US stock markets fell sharply on Monday when major technology companies led to losses and fear of a growing trade war with China rattlet investors. Dow Jones Industrial Average fell short of 500 points, and finished the day down 396 points (1.56%).
Apple, Microsoft and Amazon, the most valuable companies on the market, maintained some of the worst losses. Apple dropped close to 4% on renewed concern that iPhone sales could slow and Amazon lost 5%. Facebook dropped 5.7% when the company continued to struggle with problems related to the reaction to the discovery of manipulation of the platform.
The attack by Nissan leader Carlos Ghosn on charges he underestimated his income and misused corporate assets caused the company's shares to thumb and shocked many in Japan who sees him as something of a hero. US-traded shares in Nissan lost 5.8%, while Renault shares fell 8.4% in Paris. In Asia, the Shanghai Composite Index dropped 1
In Japan, chief executive Yoshihide Suga said Tuesday that the government was looking for economic downturn from the scandal of one of the world's largest automakers.
The so-called Faang companies (Facebook, Apple, Amazon, Netflix and Google), which have helped drive the stock markets to record high, have all suffered huge losses in recent weeks. Each is down more than 20% from the year's high – technically known as a bear market.
"I've left them showing some leadership they are unable to do and until we get technical management, I think stocks will continue to struggle," said Peter Cecchini, Managing Director of Cantor Fitzgerald, New York.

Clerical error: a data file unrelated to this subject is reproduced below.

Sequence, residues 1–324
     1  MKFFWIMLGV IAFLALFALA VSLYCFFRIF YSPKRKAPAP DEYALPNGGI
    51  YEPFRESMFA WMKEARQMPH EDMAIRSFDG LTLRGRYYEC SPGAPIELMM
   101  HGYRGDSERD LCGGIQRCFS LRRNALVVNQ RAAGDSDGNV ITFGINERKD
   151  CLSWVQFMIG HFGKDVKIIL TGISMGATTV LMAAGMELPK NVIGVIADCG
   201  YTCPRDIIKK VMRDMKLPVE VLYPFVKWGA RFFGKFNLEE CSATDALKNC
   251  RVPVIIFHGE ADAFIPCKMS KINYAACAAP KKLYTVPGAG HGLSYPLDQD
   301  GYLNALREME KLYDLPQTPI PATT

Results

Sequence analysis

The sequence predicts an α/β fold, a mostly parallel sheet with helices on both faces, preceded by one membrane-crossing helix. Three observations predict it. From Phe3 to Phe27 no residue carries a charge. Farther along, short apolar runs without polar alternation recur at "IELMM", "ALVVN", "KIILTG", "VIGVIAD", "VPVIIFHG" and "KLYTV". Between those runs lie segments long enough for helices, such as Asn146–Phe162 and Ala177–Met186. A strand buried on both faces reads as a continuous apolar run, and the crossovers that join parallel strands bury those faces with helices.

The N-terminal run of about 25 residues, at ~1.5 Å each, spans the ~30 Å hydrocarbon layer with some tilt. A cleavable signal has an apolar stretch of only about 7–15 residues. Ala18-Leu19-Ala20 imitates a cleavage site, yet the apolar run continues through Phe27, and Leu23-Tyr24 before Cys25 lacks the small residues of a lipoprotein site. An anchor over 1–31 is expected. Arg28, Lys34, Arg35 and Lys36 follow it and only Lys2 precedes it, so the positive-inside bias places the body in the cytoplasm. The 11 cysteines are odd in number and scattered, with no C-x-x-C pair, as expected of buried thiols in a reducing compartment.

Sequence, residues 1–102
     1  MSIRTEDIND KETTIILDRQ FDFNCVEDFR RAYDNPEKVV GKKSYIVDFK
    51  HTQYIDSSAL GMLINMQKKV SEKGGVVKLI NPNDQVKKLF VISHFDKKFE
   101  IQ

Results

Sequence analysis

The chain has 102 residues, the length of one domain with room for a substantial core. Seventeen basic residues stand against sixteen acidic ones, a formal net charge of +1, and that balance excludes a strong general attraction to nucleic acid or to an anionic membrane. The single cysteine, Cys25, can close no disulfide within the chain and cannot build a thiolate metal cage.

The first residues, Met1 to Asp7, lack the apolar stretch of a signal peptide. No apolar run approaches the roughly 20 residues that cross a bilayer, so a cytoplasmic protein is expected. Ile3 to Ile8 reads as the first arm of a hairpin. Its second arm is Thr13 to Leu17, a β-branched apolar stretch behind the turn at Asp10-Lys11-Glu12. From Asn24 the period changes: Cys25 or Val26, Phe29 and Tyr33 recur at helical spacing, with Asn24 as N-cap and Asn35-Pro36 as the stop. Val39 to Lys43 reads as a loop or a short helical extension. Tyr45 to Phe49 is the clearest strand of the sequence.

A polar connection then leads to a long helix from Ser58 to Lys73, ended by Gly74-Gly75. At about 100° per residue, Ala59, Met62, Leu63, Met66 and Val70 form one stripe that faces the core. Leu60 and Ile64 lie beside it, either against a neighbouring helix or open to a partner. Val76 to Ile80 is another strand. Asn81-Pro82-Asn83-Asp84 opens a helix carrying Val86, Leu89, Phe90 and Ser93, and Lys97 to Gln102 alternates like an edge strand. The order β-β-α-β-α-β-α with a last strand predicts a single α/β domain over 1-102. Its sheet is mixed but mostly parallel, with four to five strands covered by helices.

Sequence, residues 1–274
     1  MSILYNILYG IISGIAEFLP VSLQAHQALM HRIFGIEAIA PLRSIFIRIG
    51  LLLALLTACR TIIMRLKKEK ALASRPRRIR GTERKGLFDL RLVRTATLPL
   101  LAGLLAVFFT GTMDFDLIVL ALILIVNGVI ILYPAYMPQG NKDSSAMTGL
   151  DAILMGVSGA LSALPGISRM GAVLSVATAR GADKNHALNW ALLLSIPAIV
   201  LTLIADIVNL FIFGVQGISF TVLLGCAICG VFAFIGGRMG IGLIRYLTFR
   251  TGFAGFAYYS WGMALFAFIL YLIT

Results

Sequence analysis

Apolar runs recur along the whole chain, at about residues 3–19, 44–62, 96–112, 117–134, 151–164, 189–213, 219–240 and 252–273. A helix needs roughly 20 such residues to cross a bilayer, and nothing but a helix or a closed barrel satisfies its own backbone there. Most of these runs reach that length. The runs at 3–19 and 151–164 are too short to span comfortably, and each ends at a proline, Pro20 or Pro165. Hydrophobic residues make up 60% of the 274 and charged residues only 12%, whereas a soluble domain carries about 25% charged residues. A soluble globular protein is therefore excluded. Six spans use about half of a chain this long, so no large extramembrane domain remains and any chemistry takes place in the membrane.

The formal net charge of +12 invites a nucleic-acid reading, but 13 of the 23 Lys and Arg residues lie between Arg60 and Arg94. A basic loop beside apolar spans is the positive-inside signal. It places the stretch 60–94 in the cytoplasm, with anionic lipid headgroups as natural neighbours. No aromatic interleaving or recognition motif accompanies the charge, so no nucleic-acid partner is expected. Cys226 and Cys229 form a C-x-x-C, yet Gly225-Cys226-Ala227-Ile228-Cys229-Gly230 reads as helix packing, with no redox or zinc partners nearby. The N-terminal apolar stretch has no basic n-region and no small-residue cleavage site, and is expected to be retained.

The jittery trading came after two days of gains last week as investors hoped that the US and China moved closer to settling their precious trade struggle, which has been a major uncertainty for investors. These hopes disappeared after the two countries collapsed a Pacific Rim Summit this weekend.
A steep loss for Boeing, a major exporter who would like to suffer greatly in a long-term trading crisis, also heavily weighed on Dow.  The S & P 500 index dropped 44 points, or 1.6%, while the tech-heavy Nasdaq lost 2.7%.
The disagreements between the US and China at the Asia-Pacific Economic Cooperation meeting left investors pessimistic about the prospect of an agreement that would terminate trade tensions between the two world largest economies. For the first time in almost 30 years, leaders at the summit could not agree on a joint statement on world trade.
China-China talks continue in front of a meeting between Xi Jinping, Chinese President and Donald Trump, scheduled for the G20 Summit later this month.